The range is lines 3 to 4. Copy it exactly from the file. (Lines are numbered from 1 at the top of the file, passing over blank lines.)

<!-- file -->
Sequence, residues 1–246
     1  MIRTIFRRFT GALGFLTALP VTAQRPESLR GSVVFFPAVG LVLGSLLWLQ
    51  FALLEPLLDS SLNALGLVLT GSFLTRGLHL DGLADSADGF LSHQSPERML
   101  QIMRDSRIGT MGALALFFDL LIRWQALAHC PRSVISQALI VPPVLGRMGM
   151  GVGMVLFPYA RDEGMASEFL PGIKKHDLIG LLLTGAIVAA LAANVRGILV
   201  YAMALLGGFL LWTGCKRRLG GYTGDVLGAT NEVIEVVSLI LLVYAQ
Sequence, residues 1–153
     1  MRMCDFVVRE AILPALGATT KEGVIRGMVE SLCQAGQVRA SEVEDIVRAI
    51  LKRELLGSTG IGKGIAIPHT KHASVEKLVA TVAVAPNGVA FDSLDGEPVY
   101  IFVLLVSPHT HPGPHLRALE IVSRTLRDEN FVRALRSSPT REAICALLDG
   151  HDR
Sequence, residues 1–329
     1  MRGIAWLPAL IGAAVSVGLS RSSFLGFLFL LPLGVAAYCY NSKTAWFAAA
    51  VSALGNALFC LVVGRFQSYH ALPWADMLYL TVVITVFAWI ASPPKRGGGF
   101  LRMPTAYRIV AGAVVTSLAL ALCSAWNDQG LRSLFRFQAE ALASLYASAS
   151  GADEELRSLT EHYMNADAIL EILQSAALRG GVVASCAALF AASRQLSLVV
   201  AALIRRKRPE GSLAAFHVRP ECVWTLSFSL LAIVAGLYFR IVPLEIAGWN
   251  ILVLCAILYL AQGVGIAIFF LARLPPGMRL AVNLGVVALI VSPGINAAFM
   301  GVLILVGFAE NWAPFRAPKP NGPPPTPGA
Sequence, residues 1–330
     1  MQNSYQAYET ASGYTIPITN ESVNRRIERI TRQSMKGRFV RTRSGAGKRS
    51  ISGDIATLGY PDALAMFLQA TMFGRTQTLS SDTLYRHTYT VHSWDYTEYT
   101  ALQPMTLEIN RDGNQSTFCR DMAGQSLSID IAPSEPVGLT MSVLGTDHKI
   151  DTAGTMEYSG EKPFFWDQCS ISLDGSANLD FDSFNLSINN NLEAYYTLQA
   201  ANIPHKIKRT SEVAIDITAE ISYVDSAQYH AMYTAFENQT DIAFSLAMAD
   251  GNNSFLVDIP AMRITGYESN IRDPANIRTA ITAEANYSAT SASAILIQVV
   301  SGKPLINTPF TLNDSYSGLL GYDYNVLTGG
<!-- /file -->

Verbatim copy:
    51  FALLEPLLDS SLNALGLVLT GSFLTRGLHL DGLADSADGF LSHQSPERML
   101  QIMRDSRIGT MGALALFFDL LIRWQALAHC PRSVISQALI VPPVLGRMGM